How Twitter Helped Change The Mind Of A Westboro Baptist Church Member Growing up, Megan Phelps-Roper was told that God killed soldiers as punishment for tolerance of homosexuality. She started to question her beliefs after she began running the church's Twitter account.
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How Twitter Helped Change The Mind Of A Westboro Baptist Church Member

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How Twitter Helped Change The Mind Of A Westboro Baptist Church Member

How Twitter Helped Change The Mind Of A Westboro Baptist Church Member

How Twitter Helped Change The Mind Of A Westboro Baptist Church Member

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  • <iframe src="https://www.npr.org/player/embed/768894901/769000528" width="100%" height="290" frameborder="0" scrolling="no" title="NPR embedded audio player">
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In 2010, the Supreme Court ruled in favor of the Westboro Baptist Church's right to protest at funerals, arguing that even hateful speech, when addressing matters of pubic import on public property, should be protected. Carolyn Kaster/Associated Press hide caption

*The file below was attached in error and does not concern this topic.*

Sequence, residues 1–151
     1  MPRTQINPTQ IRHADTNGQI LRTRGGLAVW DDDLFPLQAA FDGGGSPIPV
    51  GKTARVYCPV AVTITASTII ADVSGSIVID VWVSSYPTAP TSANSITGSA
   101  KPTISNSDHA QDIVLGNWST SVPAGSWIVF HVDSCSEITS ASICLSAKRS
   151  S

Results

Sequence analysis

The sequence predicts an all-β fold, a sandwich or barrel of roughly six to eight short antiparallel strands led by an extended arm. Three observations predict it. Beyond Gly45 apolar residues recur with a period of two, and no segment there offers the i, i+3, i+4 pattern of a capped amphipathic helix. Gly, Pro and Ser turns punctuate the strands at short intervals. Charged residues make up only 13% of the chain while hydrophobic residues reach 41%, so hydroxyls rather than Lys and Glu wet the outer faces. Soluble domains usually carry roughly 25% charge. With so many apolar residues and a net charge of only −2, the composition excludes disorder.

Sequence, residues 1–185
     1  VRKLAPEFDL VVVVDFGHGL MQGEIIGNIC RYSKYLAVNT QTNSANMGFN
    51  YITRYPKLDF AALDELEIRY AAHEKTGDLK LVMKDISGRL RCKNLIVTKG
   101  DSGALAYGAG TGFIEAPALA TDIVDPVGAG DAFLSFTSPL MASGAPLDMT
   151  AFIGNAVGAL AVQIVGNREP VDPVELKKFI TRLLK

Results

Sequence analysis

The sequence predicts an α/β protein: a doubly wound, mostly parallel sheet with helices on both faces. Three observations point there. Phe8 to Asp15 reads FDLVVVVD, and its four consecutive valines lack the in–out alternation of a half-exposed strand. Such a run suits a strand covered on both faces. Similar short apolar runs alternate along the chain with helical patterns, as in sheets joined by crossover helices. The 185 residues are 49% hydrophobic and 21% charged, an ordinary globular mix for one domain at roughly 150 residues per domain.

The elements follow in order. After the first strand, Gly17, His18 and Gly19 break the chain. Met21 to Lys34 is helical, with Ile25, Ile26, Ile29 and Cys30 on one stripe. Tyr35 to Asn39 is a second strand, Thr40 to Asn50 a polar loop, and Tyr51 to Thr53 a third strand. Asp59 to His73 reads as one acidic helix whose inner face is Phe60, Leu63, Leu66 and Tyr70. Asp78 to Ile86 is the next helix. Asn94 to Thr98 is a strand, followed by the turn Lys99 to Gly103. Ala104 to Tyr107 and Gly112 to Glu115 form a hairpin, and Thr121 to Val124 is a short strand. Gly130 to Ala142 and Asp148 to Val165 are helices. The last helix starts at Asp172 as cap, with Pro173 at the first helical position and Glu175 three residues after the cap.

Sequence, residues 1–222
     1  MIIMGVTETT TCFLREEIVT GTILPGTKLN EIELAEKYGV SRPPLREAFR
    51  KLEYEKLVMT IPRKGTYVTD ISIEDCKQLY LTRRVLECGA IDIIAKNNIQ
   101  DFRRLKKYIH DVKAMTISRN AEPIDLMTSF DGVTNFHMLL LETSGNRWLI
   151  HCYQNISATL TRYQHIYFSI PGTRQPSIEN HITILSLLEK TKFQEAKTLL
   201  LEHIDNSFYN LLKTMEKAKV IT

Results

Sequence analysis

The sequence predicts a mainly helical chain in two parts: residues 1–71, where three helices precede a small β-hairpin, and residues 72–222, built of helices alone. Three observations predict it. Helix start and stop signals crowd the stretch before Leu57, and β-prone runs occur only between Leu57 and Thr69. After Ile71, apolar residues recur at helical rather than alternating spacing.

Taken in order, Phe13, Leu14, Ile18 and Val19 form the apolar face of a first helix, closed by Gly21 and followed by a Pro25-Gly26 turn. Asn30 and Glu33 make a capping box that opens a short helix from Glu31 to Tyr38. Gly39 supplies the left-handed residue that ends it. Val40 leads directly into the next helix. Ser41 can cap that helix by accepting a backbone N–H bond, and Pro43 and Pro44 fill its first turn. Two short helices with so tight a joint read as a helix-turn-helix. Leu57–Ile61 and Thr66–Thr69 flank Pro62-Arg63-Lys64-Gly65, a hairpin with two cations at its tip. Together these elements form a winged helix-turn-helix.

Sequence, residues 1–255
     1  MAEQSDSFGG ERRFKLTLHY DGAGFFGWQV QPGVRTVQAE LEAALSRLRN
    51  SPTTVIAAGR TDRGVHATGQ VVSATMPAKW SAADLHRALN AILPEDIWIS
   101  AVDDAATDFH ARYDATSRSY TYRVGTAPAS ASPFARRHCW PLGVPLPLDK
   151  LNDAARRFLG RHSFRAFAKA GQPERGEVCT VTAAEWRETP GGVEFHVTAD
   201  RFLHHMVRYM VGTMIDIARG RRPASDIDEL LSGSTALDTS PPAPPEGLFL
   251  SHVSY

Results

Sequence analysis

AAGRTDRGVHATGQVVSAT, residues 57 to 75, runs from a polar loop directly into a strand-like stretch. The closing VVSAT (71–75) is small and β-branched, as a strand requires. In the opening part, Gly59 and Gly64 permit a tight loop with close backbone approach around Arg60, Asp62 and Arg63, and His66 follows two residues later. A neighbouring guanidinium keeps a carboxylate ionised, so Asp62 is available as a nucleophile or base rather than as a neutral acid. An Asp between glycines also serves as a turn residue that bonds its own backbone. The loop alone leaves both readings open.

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Carolyn Kaster/Associated Press

In 2010, the Supreme Court ruled in favor of the Westboro Baptist Church's right to protest at funerals, arguing that even hateful speech, when addressing matters of pubic import on public property, should be protected.

Carolyn Kaster/Associated Press

Editor's note: This interview contains a homophobic slur.

Growing up as a member of the Westboro Baptist Church, Megan Phelps-Roper was taught that God hated gay people. The church, which was founded by Phelps-Roper's grandfather, Fred Phelps Sr., became infamous for picketing the funerals of U.S. soldiers — whose deaths it believed were a punishment for America's sins and its tolerance of homosexuality.

Phelps-Roper began protesting at funerals when she was 19, though she started picketing at a younger age. "We held signs that said, 'Thank God for dead soldiers.' 'Thank God for IEDs.' 'God hates you,' " she says.